hensible, of course, but it had flourished on a much larger scale in the godly ports of Boston and New York during an earlier era.
It was to put a stop to such scandalous traffic that Richard Coote, Earl of Bellomont, had been sent out by King William III in 1695 as royal governor of the colonies of New York and Massachusetts. Colonial merchants, outwardly the pattern of respectability, were in secret partnership with the swarm of pirates which infested the American coast and waxed rich on the English commerce of the Indian Ocean.
"I send you, my Lord, to New York," said King William to Bellomont, "because an honest and intrepid man is wanted to put these abuses down, and because I believe you to be such a man."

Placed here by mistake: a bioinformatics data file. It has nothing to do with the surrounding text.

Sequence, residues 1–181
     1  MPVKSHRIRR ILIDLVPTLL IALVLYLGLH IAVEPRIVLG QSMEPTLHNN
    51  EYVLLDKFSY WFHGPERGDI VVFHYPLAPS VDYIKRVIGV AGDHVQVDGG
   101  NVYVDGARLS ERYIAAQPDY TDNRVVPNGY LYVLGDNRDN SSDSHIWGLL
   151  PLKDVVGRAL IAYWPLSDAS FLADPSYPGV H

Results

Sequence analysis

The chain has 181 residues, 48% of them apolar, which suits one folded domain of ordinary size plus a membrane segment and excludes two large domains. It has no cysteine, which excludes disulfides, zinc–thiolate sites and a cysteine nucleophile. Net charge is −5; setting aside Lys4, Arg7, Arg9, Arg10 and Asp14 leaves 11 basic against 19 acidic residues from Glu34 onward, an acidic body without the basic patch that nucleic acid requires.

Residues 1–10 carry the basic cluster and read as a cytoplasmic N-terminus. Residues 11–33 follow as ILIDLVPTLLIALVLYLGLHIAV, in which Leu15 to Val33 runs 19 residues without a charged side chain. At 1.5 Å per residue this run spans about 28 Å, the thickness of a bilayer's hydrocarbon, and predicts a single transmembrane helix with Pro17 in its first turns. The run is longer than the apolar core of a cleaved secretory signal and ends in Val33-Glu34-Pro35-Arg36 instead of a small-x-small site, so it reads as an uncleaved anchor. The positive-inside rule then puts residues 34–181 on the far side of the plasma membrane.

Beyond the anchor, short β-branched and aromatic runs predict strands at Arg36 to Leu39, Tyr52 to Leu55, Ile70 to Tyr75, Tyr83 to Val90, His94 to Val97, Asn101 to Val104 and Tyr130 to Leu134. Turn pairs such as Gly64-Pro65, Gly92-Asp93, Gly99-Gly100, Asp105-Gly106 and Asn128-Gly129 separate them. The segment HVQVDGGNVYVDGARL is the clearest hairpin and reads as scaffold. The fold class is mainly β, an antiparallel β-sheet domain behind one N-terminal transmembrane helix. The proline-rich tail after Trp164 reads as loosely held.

As a result of these instructions. Captain William Kidd was employed to hunt the pirates down by sea while Governor Bellomont made it hot for the unscrupulous merchants ashore who were, no doubt, the ancestors of the modern American profiteers in food and clothing, who are also most respectable men. Captain Kidd was a merchant shipmaster of brave and honorable repute who had a comfortable home in Liberty Street, New York, was married to a widow of good family, and was highly esteemed by the Dutch and English people of the town. A